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From Reading to Playing

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Anastasia Salter

on 24 September 2015

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Transcript of From Reading to Playing

convergent devices
adventure games
playful literature

story apps reborn


"electronic" literature
reader-player binary?
“The adventure game is an artistic genre of its own, a unique aesthetic field of possibilities, which must be judged on its own terms” (107).

Espen Aarseth, Cybertext
“Even in the 1980s, when computing power allowed only rudimentary graphics, developers promoted their products by promising a narrative experience that rivaled in its sensory richness the offerings of action movies” (182).

Marie Laure-Ryan, Avatars of Story
If you go back and look at where adventure games were and where they went, you can see that the adventure game is still there, it's just a different/better (depending on your particular point of view) experience playing them. The adventure game ‘as we know it’ just keeps evolving. It's still evolving.

Roberta Williams, Designer of King's Quest
Before Fox plays “Johnny B. Goode” at the high school dance, he tells his audience, “This is an oldie . . . well, this is an oldie where I come from.”

Chuck Berry recorded “Johnny B. Goode” in 1958. Back to the Future was made in 1985, so the gap is twenty-seven years. I’m writing this essay in 2009, which means the gap between 1985 and today is twenty-four years. That’s almost the same amount of time.

Yet nobody would refer to Back to the Future as an “oldie,” even if he or she was born in the 1990s. What seems to be happening is a dramatic increase in cultural memory: As culture accelerates, the distance between historical events feels smaller.

Chuck Klosterman, Eating the Dinosaur, 58
The relations between reader/story and player/game are completely different - the player inhabits a twilight zone where he/she is both an empirical subject outside the game and undertakes a role inside the game

Jesper Juul, Games Telling Stories, 2001
a book or a game?
Raymond Queneau’s
One Hundred Trillion Poems

ten sonnets, sliced and bound--

the "reader's" ordering of a page always creates a new sonnet
Mark Danielewski's
House of Leaves

a written hypertext
I believe that the promise of hypertext fiction is worth pursuing, even now, or maybe especially now. On the one hand, e-books are beginning to offer writers technical possibilities that, being human, we’re going to be unable to resist. On the other, the form fits with life now.

So much of what we do is hyperlinked and mediated by screens that it feels important to find a way to reflect on that condition, and fiction, literature, has long afforded us the possibility of reflection. Just as the novel taught us how to be individuals, 300 years ago, by giving us a space in which to be alone, but not too alone — a space in which to be alone with a book — so hypertext fiction may let us try on new, non-linear identities, without dissolving us entirely into the web.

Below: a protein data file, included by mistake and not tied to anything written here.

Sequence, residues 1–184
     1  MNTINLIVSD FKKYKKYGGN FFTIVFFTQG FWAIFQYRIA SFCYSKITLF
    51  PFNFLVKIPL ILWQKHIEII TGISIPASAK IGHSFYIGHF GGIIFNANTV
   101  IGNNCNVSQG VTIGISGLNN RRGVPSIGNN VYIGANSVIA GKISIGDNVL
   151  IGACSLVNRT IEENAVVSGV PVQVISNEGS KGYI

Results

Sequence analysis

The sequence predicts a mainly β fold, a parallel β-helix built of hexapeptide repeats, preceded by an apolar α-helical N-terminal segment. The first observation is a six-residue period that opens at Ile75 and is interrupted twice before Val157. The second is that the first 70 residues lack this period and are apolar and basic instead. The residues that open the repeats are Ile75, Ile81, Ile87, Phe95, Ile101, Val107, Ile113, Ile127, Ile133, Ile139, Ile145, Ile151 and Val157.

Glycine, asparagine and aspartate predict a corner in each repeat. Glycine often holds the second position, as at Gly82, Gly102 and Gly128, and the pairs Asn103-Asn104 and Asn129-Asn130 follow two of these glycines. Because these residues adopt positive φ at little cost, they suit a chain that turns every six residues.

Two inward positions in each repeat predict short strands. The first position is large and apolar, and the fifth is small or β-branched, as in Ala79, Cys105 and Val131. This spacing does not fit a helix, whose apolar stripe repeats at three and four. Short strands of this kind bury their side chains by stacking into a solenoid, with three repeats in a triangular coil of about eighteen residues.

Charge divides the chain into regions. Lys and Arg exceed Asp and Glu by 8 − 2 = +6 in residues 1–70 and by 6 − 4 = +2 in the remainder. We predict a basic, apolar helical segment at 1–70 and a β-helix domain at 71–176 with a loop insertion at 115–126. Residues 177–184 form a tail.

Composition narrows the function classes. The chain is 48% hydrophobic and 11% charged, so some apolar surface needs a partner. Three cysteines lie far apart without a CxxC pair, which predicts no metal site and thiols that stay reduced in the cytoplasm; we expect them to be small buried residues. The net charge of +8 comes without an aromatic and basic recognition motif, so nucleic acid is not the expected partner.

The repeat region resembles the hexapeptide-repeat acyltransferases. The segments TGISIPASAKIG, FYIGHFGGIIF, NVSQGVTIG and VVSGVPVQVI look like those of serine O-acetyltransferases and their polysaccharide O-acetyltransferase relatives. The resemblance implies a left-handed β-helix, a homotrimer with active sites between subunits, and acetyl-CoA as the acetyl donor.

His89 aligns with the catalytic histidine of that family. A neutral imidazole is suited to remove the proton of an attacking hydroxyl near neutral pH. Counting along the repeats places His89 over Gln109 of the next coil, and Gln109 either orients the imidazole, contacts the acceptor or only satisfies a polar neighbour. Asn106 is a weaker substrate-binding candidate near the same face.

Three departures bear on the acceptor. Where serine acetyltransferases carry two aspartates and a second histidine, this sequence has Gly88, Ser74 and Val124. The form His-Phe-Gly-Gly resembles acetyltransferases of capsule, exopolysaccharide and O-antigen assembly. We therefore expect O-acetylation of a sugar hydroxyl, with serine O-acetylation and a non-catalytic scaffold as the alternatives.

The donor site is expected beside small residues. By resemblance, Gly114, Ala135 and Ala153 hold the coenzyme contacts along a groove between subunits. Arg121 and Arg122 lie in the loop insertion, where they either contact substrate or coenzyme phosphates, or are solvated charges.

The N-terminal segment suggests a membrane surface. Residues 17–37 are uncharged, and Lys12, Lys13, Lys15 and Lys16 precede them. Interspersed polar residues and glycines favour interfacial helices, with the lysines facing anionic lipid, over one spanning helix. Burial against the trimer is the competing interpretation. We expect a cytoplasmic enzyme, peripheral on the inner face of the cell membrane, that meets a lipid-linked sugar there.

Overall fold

"Why the book's future never happened", Paul LaFarge, Salon
Transmedia storytelling represents a process where integral elements of a fiction get dispersed systematically across multiple delivery channels for the purpose of creating a unified and coordinated entertainment experience. Ideally, each medium makes it own unique contribution to the unfolding of the story.

Henry Jenkins, Transmedia 202
is the future of literature found in...
Mystery House, 1980
King's Quest, 1982 - 1998
Monkey Island, 1990-2000
Day of the Tentacle, 1993
Grim Fandango, 1998
What Linus Bruckman Sees When His Eyes Are Closed, 2007
Biblion App, 2011
Our Choice, 2011
Inkling, 2011
Volume One, 2006
Volume Two, 2011
The Fantastic Flying Books of Mr. Morris Lessmore, 2011
Pooh's Birthday Surprise, 2011
Broken Sword (PC 1996, iPad 2011)
As Daniel Punday observes, while there is an emerging trend towards the eBook as part of a digital library, this is one of the least compelling futures for electronic literature: “no model of the ebook based on the modular library can be entirely satisfying - no matter what DRM restrictions or freedoms are included with it. It is the nature of modular libraries to insist on uniformity of its members.”

Punday, Daniel. “Ebooks, Libraries, and Feelies.” Electronic Book Review. February 2, 2010.
< http://www.electronicbookreview.com/thread/criticalecologies/modular>
Will future electronic literature be easily categorized, or does its influence transcend these category boundaries?
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